It’s been another cool and dull day here, the kind to stay indoors as much as possible and what better to do than get some baking done? I knew I hadn’t the need to think about dinner as that was going to be a take-out courtesy of our local Italian place The Bridge, they serve really great, high quality food which I don’t have to think twice about eating unlike many other sources of take-away food. Risotto was the order of the night, so I had to think about some bread.
Fougasse were my choice, even though it would require a little culinary globe trotting when we sat down to eat, never a bad thing though.
You wouldn’t think that mixing a four ingredients – yeast, water, salt and flour, would allow you to create something outstandingly pretty would you? To me all handmade (and especially home made) bread containing nothing but the essential and pure ingredients, plus a good dose of love, care and attention is beautiful but fougasse always leave people open mouthed in awe of how attractive they look.
Fougasse are a speciality bread of France (mainly the region of Provence), a flat bread in nature they are often slashed in a trellis pattern to resemble an ear of wheat or the tree of life, although fancy designs are becoming very popular. Whether this change in pattern is due to customer demand or the chance for bakers to show their skill I’m none too sure, but they sure do look good.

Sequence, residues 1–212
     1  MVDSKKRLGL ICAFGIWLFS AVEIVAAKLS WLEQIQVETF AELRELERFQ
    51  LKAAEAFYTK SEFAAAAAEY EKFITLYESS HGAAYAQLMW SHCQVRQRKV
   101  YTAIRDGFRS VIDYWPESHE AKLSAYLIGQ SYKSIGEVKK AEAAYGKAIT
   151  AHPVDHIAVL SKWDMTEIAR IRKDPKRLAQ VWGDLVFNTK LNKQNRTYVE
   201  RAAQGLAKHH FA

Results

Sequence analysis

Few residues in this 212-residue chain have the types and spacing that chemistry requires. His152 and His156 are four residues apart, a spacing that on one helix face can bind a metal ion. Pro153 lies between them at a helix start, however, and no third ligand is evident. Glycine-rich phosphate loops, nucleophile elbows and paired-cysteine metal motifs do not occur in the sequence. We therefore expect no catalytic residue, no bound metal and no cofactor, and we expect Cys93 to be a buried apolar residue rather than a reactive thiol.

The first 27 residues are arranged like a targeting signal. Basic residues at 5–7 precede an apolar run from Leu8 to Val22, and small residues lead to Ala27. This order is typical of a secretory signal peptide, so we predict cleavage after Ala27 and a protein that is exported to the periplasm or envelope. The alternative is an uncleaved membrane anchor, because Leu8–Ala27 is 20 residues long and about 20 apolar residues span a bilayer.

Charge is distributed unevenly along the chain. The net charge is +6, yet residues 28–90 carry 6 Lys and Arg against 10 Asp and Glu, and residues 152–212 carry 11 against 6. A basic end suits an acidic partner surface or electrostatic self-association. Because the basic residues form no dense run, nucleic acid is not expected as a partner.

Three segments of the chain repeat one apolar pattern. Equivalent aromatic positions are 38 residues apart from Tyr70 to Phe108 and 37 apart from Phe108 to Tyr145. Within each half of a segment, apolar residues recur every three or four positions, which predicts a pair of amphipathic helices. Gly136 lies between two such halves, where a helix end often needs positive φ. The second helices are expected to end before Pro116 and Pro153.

Fougasse are not all that dissimilar to the Italian equivalent of focaccia, a tray baked flat bread often studded with olives, herbs, or other flavouring. So maybe not so much globe trotting after all.
The fougasse made the perfect accompaniment to risotto, not only was it aesthetically pleasing to the eye but the bread was the perfect texture for mopping up the risotto ‘juices’, soaking them up like a sponge and becoming moist and scrumptious. They were also great to munch on ‘plain’ giving a nice alteration in mouth feel to the soft, creamy and soothing risotto.
The recipe is adapted from Dough: Simple Contemporary Bread: Simple Contemporary Bread (Richard Bertinet) which is an absolute gem of a book, especially for the novice baker. Don’t get me wrong there are lots of lovely recipe ideas and photographs included that would have any baker, experienced or not, drooling over the pages but Richard has a great way of describing techniques and terms in such a manner to inform and not worry the novice. The book also includes a fabulous DVD showing how these techniques are performed with a great commentary too.
Although the recipe called for standard strong bread flour I used French type 55 flour. I chose to do this because it gives a slightly softer and chewier dough which is excellent for fougasse.